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Manx Whisky Company – Isle of Man

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Manx Whisky Company – Isle of Man

When you think of whisky or whiskey, what places come to mind?

Is it the island of Islay or the beautiful scenery of Scotland?

The low central plains and coastal mountains of Ireland?

The bluegrass fields of Kentucky?

I don’t think any of you would think of the rugged coastline of the Isle of Man.

Situated in the Irish Sea, almost equal distance between the UK and Ireland the little island is home to Manx Whisky Company.

The company was founded by Magnus Grinneback and Scott Young. Ably assisted by their wives, Panida and Liz, this is very much a close-knit affair. Both Magnus and Scott have a background in the e-gaming industry, but a passion for whisky.

They are a fairly diverse group, with Magnus from Sweden, Panida from New Zealand, Liz from Ireland, and Scott being the only one of the group born on the Isle of Man.

Using alembic stills from Iberian Coppers Lda, they have both a 400-litre wash still and an older 100-litre version. The stills were handmade in Portugal. Distillation has been varied but seemed to be settled at x2, although, typically, they experiment with that too. In the early days, this was mostly x2.5.

Production takes place in a small garage unit with Magnus handling most of the production and even the odd renovation! Panida and Liz are social media, mainly Instagram although they have ventured onto Facebook recently too, with the former also being the chief taster of their new make spirit. Having tried that myself, I can testify that it is excellent and one of the best of the category I’ve tasted. Scott’s duties consist of kiln making and logistics and he is also their farm liaison officer.

Why would a small distillery have a farm liaison officer? That’s because their malt is 100% from the Isle of Man. The latest batch was acquired from Ballavell Farm there. Along with the use of Manx water, it’s fair to say they make every effort to use local markets. Even their labels were designed by local artist Ali Hodgson.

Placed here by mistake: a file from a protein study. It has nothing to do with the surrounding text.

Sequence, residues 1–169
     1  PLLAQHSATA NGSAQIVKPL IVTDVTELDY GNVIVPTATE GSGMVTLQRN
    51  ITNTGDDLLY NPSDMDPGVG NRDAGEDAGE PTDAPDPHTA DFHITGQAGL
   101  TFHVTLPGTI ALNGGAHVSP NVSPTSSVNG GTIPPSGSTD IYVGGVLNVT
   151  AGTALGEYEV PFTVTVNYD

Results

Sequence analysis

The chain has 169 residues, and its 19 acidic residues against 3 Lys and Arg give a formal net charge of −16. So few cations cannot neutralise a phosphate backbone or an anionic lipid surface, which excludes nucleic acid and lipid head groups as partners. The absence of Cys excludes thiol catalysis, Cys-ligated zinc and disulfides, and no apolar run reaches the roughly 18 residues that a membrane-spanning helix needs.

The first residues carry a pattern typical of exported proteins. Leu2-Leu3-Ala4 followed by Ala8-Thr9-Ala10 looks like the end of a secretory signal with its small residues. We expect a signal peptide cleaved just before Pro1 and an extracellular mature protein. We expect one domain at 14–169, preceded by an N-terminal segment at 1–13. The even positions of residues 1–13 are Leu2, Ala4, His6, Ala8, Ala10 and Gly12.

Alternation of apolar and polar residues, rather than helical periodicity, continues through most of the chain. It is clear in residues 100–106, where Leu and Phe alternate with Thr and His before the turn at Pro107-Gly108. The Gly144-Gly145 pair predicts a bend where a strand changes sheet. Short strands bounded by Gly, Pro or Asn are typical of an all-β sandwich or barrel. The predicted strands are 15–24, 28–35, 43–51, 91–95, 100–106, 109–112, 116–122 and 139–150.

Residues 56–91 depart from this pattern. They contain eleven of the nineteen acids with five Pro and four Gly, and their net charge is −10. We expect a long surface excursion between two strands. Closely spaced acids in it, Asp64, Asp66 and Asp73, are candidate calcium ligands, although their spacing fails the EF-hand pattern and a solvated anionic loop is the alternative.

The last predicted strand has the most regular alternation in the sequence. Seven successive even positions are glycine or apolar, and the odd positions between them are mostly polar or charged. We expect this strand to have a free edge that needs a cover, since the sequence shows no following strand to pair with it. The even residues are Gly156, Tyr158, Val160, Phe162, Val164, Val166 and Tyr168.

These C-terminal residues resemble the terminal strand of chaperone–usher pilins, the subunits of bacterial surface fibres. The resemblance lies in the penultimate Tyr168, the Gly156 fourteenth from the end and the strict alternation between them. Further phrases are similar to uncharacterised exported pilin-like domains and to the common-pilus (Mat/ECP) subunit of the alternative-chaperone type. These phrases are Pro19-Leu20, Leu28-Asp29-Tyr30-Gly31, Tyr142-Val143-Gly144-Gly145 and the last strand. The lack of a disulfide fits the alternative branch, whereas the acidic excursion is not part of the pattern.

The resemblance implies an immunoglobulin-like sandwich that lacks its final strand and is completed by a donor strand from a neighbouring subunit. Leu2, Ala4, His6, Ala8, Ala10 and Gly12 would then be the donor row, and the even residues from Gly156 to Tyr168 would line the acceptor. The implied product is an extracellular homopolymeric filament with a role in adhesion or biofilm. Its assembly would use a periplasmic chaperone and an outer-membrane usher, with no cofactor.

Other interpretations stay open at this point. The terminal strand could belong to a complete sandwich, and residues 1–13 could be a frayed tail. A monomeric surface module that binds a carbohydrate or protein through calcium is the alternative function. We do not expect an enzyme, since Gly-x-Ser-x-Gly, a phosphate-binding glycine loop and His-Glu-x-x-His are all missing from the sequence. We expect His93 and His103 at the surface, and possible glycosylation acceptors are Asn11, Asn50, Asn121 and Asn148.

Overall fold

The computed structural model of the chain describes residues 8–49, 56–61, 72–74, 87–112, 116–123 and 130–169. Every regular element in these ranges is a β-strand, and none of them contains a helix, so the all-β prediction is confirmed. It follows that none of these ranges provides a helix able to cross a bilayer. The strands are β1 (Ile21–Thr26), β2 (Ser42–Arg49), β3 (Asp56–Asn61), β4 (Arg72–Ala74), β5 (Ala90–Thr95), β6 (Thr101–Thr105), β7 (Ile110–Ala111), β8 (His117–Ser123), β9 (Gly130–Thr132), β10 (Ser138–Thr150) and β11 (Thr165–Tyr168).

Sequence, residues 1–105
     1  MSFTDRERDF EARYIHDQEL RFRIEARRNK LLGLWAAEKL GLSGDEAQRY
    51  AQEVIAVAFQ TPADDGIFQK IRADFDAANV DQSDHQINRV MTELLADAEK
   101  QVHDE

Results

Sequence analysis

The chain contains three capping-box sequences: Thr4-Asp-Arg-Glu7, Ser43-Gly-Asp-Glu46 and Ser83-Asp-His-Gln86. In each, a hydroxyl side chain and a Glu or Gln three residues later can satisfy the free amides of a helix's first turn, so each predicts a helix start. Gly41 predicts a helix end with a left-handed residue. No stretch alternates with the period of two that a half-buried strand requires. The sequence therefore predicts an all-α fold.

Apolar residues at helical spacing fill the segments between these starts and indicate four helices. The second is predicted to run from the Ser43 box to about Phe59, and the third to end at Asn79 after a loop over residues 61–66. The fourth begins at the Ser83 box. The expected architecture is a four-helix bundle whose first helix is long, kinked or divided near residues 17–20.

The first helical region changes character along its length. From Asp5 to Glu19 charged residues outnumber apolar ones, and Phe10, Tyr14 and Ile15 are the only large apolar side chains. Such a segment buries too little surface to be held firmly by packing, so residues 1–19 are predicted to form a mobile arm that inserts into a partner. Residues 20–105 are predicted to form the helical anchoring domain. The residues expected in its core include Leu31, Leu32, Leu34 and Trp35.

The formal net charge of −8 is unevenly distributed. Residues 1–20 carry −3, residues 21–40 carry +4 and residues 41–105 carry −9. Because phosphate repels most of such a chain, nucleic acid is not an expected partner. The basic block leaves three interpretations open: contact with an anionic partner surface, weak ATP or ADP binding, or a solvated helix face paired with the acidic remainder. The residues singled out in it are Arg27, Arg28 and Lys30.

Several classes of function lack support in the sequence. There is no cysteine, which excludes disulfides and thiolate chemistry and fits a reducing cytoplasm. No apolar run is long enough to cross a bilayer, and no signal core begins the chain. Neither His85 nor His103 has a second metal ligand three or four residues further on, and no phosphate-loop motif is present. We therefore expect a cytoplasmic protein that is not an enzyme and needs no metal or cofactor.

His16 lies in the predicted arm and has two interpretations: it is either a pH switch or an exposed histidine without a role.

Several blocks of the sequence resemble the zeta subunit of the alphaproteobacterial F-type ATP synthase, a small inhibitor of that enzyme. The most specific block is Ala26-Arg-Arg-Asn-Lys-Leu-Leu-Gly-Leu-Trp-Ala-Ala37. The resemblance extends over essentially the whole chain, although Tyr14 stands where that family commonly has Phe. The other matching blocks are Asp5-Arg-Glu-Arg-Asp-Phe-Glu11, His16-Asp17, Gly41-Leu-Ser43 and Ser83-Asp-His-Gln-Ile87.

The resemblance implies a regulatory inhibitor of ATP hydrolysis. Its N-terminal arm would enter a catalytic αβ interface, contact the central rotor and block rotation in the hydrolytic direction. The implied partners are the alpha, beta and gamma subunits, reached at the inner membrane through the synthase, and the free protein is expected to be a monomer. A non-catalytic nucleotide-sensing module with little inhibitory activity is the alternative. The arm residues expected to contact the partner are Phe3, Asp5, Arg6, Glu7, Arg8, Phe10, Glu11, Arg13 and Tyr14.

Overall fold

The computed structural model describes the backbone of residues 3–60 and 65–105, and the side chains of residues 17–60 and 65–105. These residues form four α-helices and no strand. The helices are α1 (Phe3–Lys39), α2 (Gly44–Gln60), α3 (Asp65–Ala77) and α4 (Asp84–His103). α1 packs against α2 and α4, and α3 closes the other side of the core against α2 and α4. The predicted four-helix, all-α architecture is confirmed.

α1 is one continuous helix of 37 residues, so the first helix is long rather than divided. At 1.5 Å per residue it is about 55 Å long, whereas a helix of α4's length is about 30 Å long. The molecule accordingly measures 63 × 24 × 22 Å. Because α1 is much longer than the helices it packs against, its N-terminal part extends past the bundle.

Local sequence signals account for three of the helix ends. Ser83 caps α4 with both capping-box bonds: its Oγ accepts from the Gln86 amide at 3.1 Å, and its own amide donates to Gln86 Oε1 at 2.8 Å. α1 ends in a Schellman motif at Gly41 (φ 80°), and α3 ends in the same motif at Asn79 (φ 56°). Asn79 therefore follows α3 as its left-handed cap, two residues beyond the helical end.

Casks are mostly acquired from Speyside Cooperage, one of the last in the UK who still crafts and repairs barrels using traditional methods. There have obviously been bourbon, the typical sherry of Oloroso and Pedro Ximenez along with Amontillado and Palo Cortado firkins, and even a Chateau Mouton Rothschild wine barrel. Barrels of varying sizes have been used.

In terms of inspiration, Magnus looks to the revered Springbank who famously do everything themselves on site and Manx Whisky Company is trying to do likewise, even having two of their own tiny malting boxes. On the couple of occasions I’ve been lucky enough to visit their site, the malt from them has had a beautiful aroma. He is also a lover of Smogen, Ben Nevis, Edradour, High Coast, Daftmill, Glengoyne, and Bruichladdich.

Their first release was their Batch 001 in December this year. It was matured in a Pedro Ximenz firkin for its three-year lifespan. We had a bottle of it in our bar. As you can see from the photo below, that didn’t last long. It was little wonder. There was certainly significant interest in it from the local Manx community. Then people coming to the island were keen to get their hands on it too. An organiser of a well-known UK whisky festival was very disappointed to learn he couldn’t get his hands on a bottle. There were only 85 of them. Most of those were balloted. We were very lucky at my bar to have the only bottle that wasn’t, allocated to us to allow as many people as possible to try it. It was a roaring success and I expect their next release, scheduled for the forthcoming quarter, to be likewise. Having tasted it just prior to it maturing for the required 3 years to become whisky, I certainly think it will be just as popular.

At the most recent World Whisky Award, the company picked up 1 gold, for their Single Cask #9 in the Young Spirits category, and 2 silver medals, for another entry in that category and the other for their new make. They can be added to the silver and a bronze picked up last year for their new make and Young Spirit entry from last year.

So what next for Manx Whisky Company? Well, they’re currently working on various exciting projects including an Irish-inspired whisky, made from a mixed mash bill. Until now, they’d been using 100% malted barley. There’s also an ongoing attempt at growing heritage barley along with experimentation with yeast strains.

All of this makes for a very exciting future and makes Manx Whisky Company one to watch and, if you’re lucky enough to get your hands on some, try.



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